Local possum operations reshaped
OPINION: TBfree’s aerial possum control operations in high-country native forests near Taupo¯ have been reshaped to give deer hunters access to a range of country in all seasons, while confirming the necessity of TB eradication.
Talks between deer hunters and TBfree programme managers about aerial operations in the North Island demonstrated that OSPRI is able to accommodate a wide range of views about its aerial possum control activities.
The central North Island plateau and the mountainous forest terrain surrounding Lake Taupo¯ offer ideal habitat for possums and deer, and has a history of harbouring TB in wildlife in some areas.
It’s also home range for nationally important herds of sika and red deer, prize game for New Zealand and deerstalkers.
OSPRI’s focus on knocking down possum populations is occasionally at odds with deerstalkers’ focus on hunting game and trophy animals. Sometimes it’s about terrain and boundaries, more often about timing.
Through a robust process of consultation around aerial and other operations, information about proposed boundaries and timing is publicised to enable submissions from interested and affected hunters, recreational and commercial land users.
Because of the ruggedness of the terrain and the unsuitability of ground-based operations, the aerial distribution of 1080 toxin is the most appropriate and costeffective means of achieving the rapid knockdown of possums required to eradicate TB.
Many landowners – including international farmers and forest owners, conservationists and recreational groups – recognise the value of the TBfree programme and support the possum control work needed to eradicate this disease.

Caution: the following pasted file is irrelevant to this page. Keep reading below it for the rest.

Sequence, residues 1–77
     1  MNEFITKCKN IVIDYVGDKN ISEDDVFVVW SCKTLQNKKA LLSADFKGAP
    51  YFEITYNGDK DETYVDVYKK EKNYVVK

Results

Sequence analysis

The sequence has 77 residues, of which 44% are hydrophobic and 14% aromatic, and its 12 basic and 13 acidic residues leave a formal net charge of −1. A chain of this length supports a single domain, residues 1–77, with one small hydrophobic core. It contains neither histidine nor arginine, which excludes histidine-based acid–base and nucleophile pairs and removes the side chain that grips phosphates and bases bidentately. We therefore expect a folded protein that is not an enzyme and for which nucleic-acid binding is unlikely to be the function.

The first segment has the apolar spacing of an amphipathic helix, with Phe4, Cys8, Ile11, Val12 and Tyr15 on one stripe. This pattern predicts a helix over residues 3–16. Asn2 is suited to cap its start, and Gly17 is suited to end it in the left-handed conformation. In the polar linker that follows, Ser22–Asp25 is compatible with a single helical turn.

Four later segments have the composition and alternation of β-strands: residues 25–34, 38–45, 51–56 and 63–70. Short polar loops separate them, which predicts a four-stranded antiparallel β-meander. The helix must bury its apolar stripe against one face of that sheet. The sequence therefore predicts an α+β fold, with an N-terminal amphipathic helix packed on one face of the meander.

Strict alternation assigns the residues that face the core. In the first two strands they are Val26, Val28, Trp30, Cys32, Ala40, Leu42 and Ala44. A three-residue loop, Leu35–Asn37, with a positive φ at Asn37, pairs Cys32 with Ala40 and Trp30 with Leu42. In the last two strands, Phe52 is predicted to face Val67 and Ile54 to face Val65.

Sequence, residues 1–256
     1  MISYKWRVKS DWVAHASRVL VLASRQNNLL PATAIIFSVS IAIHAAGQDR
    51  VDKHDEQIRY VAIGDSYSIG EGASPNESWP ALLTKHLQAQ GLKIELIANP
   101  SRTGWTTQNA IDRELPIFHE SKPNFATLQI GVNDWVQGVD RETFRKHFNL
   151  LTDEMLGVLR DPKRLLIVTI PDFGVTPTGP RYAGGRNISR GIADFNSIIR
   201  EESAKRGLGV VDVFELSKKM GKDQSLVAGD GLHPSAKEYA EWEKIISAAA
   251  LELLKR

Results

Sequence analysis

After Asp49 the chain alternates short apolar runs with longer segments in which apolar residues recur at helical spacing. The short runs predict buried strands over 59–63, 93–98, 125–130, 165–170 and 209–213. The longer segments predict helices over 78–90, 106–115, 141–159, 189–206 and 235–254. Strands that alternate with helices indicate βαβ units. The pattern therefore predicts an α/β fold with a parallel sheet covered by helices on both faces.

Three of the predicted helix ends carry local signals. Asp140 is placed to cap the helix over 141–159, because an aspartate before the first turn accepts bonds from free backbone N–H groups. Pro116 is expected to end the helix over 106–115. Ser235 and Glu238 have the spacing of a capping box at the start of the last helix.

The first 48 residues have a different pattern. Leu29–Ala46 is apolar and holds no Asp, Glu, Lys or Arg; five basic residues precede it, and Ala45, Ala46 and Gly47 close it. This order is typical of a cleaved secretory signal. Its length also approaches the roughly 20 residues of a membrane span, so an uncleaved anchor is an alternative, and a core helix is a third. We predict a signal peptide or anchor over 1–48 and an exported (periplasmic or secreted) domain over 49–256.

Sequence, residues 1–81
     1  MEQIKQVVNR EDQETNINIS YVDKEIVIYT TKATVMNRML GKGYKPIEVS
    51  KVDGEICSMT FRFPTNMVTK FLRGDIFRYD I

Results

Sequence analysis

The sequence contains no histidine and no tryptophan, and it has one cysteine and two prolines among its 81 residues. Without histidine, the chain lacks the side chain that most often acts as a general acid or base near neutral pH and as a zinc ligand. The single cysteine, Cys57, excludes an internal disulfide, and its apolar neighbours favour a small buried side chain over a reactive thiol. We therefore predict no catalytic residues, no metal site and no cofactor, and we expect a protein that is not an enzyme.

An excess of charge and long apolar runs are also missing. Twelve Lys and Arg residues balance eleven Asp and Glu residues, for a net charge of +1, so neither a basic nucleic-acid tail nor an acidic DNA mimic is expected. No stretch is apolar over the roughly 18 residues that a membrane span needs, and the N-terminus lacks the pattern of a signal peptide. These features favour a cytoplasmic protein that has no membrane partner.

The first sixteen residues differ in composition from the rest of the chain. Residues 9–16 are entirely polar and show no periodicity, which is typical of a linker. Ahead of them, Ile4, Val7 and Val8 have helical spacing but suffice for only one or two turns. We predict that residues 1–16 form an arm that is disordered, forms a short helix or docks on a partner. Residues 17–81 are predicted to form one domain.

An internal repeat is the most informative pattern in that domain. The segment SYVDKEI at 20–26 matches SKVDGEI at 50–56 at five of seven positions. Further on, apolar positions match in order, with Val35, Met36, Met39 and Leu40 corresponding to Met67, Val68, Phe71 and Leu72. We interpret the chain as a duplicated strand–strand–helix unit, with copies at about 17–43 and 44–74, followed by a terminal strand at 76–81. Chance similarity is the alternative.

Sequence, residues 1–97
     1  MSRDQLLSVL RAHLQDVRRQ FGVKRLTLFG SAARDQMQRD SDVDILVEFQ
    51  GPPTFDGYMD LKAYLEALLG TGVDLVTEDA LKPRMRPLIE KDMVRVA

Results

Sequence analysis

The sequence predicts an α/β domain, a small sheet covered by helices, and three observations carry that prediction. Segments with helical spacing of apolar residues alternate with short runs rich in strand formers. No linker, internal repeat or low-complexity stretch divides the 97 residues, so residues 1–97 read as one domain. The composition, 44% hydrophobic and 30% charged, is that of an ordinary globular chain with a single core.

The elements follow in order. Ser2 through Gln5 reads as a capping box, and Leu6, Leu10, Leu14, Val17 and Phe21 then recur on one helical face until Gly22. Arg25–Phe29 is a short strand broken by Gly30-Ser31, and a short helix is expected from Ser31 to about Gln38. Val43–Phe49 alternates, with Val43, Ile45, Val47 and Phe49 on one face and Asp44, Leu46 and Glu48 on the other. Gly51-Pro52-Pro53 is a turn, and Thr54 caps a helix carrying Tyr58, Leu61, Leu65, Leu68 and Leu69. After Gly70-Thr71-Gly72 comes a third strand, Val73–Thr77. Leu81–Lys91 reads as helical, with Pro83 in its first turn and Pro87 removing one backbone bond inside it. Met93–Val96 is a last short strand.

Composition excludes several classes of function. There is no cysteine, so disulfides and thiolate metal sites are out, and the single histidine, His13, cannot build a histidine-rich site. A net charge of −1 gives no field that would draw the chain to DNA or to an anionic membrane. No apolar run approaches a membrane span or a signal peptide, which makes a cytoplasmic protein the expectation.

Other land users, including the hunting fraternity represented by the New Zealand Deerstalkers Association and the specialist Sika Foundation, suggested changes to the proposed timing of the operation and inclusion of deer repellent on 1080 cereal baits.
The submissions made it clear that planned expansion of operations in this area would have major impacts on commercial and recreational hunting.
Changes would allow them access to traditional hunting terrain during the most popular times of the season.
After careful consideration of the submissions, and meetings with hunting organisations, OSPRI managers suggested a solution – an arrangement that acknowledged the hunters’ views while enabling the important TBfree work to be completed.
OPSRI decided to continue its investment in the use of deerrepellent treated 1080 bait across all sika deer habitat in highly valued hunting areas. Also, it undertook to use deer repellent bait across more than 130,000ha of other operations on public land in North and South Island highcountry deer habitat during upcoming operations.
Operations were redesigned to split the Kaipo operation into two. One half was deferred for control this (2017) winter. The Kaweka East operation was deferred by a year to allow for further consultation, and reconfigured into three blocks to be treated across three years.
This gives hunters access to large untreated areas of front and back country during each hunting season. Timing of some operations was changed to avoid the roar season and other popular hunting periods.
A red stag in early season velvet.